Creating Comics #2: Aiding Young Comic Creators

I received an email the other day that read as follows:


I wonder if you might be able to help me. I have a son aged 10 that is very interested in comic creation, and he creates HUNDREDS of them. They are, albeit, rudimentary but he is very interested in them and I am trying to encourage him. He typically takes ideas from fiction and television and turns them into comics.

I am interested in any suggestions that you might have on books, materials, anything to advance his quality and creation of more original ideas. He is probably not old enough for some of the continuing ed courses yet, but any thoughts you might have I would appreciate it.

It was a good question, and I thought it'd be worthwhile to share my response here:

That's great to hear! There's a fear in the comics industry that there are no young comic enthuisiasts, so it's great to hear your son loves making comics.

As far as some materials and things to help improve your sons skills, one I would still recommend (and the first book on comics creating I got when I wasn't much older than your son) is
How to Draw Comics the Marvel Way by Stan Lee and John Buscema. This book is written in a very easy to read and understand way by the master Stan Lee, and is full of gorgeous illustrations, some step by step, that will start getting your son drawing more realistic and dynamic anatomy. Highly recommended.
(On Amazon: http://www.amazon.com/How-Draw-Comics-Marvel-Way/dp/0671530771/ref=sr_1_1?ie=UTF8&s=books&qid=1219423894&sr=8-1)

While there are tons of books and other materials about drawing comics, I'd start with the Stan Lee book and see how your son takes to it. I'd also recommend trying to find a comic shop in the area and taking your son there to pick out some comics as a treat from time to time. Now, comics have definitely become more expensive over the years (avg price is now about $3), but many stores have $1 bins or even $0.25 cent bins of older back issues they are trying to unload. I have a couple of nephews your sons age who love it when I take them to the comic shop and they get to raid the bargain bins, pick out what they like, and come home with a big stack of comics. You'll likely find him referring to the comics when he's drawing his own.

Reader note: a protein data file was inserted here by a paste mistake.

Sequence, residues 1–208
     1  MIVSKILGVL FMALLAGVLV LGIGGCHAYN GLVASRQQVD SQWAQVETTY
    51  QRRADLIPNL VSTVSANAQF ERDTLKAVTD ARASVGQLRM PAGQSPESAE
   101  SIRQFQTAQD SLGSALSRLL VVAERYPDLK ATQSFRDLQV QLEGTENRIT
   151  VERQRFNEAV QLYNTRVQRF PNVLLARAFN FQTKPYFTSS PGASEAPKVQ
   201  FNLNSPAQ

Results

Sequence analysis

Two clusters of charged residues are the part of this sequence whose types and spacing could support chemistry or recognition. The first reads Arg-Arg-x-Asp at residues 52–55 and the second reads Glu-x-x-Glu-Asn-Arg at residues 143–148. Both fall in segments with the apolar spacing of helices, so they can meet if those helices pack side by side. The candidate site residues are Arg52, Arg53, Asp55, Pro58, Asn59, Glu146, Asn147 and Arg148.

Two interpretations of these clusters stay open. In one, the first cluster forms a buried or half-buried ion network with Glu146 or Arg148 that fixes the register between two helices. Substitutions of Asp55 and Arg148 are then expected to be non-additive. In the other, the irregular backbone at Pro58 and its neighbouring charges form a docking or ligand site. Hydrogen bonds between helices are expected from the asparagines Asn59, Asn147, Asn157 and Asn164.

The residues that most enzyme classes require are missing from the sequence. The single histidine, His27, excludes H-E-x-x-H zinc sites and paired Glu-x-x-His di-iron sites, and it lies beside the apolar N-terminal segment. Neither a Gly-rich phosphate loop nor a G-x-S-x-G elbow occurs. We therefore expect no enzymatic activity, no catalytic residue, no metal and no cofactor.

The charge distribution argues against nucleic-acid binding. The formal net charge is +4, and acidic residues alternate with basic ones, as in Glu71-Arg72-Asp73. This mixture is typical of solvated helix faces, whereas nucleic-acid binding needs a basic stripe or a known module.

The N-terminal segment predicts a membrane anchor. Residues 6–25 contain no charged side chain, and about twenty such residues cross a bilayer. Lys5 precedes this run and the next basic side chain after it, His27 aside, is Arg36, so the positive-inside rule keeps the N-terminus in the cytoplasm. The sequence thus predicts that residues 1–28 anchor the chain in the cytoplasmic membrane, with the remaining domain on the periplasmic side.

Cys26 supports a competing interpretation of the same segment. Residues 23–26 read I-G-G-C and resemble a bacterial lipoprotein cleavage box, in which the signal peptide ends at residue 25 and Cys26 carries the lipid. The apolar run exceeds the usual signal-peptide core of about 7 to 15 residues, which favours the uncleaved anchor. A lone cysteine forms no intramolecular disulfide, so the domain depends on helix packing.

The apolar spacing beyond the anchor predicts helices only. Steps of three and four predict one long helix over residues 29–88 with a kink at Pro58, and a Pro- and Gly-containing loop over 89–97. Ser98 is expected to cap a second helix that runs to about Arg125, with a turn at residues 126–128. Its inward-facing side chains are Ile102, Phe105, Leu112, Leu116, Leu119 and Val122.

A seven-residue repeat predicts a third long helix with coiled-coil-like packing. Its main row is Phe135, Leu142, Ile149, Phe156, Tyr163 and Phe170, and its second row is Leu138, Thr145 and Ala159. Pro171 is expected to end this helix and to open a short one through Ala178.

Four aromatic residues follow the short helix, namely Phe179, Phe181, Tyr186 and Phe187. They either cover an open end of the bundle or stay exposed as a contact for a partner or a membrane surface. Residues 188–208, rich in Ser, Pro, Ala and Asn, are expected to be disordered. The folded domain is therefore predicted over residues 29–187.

Another tip is that you can show support for his creations by giving him some "professional" tools to help set up his own little comic creation "studio." When I started drawing comics, I started on the kitchen table with the pencils and pens lying around the house. Gradually, I upgraded my materials. Some things your son will love:

Obviously, there's plenty more tools of the trade, and if your son reads the Stan Lee book, you may find him asking for some tools that they show in there. Although all it takes is a piece of paper and a pencil to make comics, but there's something about getting quality tools that really makes the process fun.

A final suggestion would be to help your son share or "publish" his comics work. I used to give my dad a stack of my comic drawings in the morning, he'd take them to work and photocopy them, and return with a stack of my own comic books that I could then bring to school and give to friends. So a trip to Kinko's to copy comics that your son is especially proud of would probably be a lot of fun for him.

And since it's the 21st century (and since my background is Education Technology) I'd be remiss if I didn't also suggest helping your son start an online portfolio for his work. A site like www.comicspace.com is a free site set up for comic artists to display their work. You could help your son scan in his comics and set up a site to display his work.

Thanks for the question, and I hope some of this helps. If you have any questions about anything I've mentioned, feel free to ask. And definitely let me know how it goes with your son and if any of these suggestions were helpful.


Tyler James

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